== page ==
Friday, February 20, 2015

FINDING VIVIAN MAIER (2013)—The Evening Class Q&A With Charlie Siskel

The story told by John Maloof and Charlie Siskel's documentary Finding Vivian Maier (2013) is intriguingly open-ended, provoking questions not only about the biographical details of a charismatic yet mysterious artist, but also about the nature of art itself. Is art a fundamentally private enterprise that achieves a public only by chance and good fortune? Is it first a communication with oneself that then hazards expression with community? Where does self-preservation and ambition fold into the mix? Does great art supercede the artist who creates it? Finding Vivian Maier is as much a philosophical inquiry into the meaning of art as it is a biographical portrait excavated from the chance purchase by John Maloof of numbered lots at an auction, whose trunks—once opened—revealed the work of a woman speaking to a world not yet poised to listen.

The documentary first came to my attention when it won the John Schlesinger Award at the 2014 edition of the Palm Springs International Film Festival. Alongside numerous nominations, the film likewise won the Grand Jury Prize at the 2014 Miami Film Festival, received Creative Recognition for Best Writing from the International Documentary Association and the 2015 Cinema Eye Honors Award for Outstanding Achievement in a Debut Feature Film, and Sunday will reveal whether it takes home the Academy Award® for Best Documentary Feature.

Photo: Adriana M. Barraza / WENN
As part of its ramp-up to Sunday's Academy Awards®, a special screening was given in San Francisco on Thursday, December 18 to an invitation-only audience, and I was honored to introduce the film and engage director Charlie Siskel in conversation afterwards. As Gene Siskel's nephew, Charlie's nomination for an Oscar® bears a measured irony for beating out the popular Roger Ebert tribute Life Itself (2014). After watching the film, I invited each member of the audience to turn to their neighbor and imagine what kind of hidden artistry they had within them, and then invited Charlie Siskel to the stage.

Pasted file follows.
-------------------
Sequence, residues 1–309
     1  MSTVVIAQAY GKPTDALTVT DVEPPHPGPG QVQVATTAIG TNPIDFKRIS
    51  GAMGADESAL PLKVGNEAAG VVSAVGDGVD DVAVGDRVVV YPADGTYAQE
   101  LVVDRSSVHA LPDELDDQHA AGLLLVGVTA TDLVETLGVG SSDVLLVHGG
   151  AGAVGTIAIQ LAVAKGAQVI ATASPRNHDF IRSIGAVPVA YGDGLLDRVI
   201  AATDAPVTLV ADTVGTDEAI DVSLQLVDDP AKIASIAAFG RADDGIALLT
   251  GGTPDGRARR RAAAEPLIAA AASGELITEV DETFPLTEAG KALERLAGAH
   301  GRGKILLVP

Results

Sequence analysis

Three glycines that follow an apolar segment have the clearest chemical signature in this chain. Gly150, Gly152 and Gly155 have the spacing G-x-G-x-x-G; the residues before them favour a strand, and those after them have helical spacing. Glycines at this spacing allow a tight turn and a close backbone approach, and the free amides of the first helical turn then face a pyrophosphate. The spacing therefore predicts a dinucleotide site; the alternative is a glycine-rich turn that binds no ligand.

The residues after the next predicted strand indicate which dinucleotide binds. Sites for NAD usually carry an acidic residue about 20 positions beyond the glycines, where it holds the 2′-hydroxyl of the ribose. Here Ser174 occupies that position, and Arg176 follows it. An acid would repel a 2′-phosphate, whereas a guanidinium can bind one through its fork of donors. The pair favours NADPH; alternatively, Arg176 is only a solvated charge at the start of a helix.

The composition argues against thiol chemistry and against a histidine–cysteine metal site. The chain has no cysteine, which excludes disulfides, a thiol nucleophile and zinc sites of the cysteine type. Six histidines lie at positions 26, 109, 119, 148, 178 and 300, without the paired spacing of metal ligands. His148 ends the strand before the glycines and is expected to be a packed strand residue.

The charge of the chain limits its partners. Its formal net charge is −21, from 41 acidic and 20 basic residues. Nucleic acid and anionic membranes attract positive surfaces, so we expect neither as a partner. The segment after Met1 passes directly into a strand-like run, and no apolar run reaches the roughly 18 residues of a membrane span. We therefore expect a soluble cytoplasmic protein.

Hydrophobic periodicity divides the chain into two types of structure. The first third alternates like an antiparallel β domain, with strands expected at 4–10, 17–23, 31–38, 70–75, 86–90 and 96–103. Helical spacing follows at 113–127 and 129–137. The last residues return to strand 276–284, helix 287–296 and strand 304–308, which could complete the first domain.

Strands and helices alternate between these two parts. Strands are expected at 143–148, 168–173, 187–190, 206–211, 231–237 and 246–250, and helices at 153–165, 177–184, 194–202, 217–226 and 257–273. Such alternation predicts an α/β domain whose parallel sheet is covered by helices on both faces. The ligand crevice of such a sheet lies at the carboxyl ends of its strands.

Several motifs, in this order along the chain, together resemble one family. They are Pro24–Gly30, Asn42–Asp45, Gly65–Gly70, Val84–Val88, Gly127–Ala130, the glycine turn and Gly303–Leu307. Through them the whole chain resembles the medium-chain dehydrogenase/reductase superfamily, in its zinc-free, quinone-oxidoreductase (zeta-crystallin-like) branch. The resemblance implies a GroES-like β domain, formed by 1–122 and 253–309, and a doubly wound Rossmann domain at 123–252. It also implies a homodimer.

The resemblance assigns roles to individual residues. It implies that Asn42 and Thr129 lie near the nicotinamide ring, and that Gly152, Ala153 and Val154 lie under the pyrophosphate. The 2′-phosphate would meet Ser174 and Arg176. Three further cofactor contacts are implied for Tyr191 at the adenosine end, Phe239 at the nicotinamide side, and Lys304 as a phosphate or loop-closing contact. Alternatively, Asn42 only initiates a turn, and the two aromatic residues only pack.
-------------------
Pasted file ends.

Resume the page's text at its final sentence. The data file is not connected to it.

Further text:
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Michael Guillén: First, let's set up some back story. My understanding is that your co-director John Maloof had discovered Vivian Maier's work in an auction lot, had been working with it, and then decided that a documentary was in order. Through Michael Moore, you were recommended as the person to come in to help with the filmic element of this project. I'm interested in co-directorships and what goes into two people making a film, so can you talk a little bit about what your strategy was with each other to develop this project?

Charlie Siskel: Certainly. So, I got involved as you mentioned when I got a call from Jeff Garlin, who is best known for his work on Curb Your Enthusiasm. He's a Chicagoan and I grew up in Chicago. I actually grew up in the '70s and the '80s in the town, Highland Park, where Vivian was a nanny, purely a coincidence. No doubt, Vivian was probably in the neighborhood. Looking at hundreds of hours of Super 8 footage, I saw my elementary school, and some of the elementary school teachers who I had not so great memories about. It was an uncanny experience to see the ravines where I grew up. Those ravines were literally in my back yard. So that was all very strange.

I got on the phone with John—this was 3½-4 years ago—and we just started to talk about what he had. Not only did he have over 100,000 photographs, he had hours and hours of Super 8 footage, hours of audio recordings, and he had just started to contact some of the families to shoot some interviews with them. John was not particularly familiar with documentaries and he didn't have a whole lot of references for what kind of film he wanted to make; but, we started to talk about the story. I started to recommend certain films that he should watch and that was sort of the beginning of what turned into a four-year collaboration where we would bounce ideas back and forth about what kind of film we should be making.

You mentioned excavation in your introduction and the visual overhead shot of John sifting through all of the material and laying it out in a grid-like pattern is very much what archaeologists do at a dig site. They create order out of chaos. They take a ruin and impose a certain scientific logic to it. They cordon off areas, create sectors and label things and that seemed like an apt metaphor for what we were trying to do.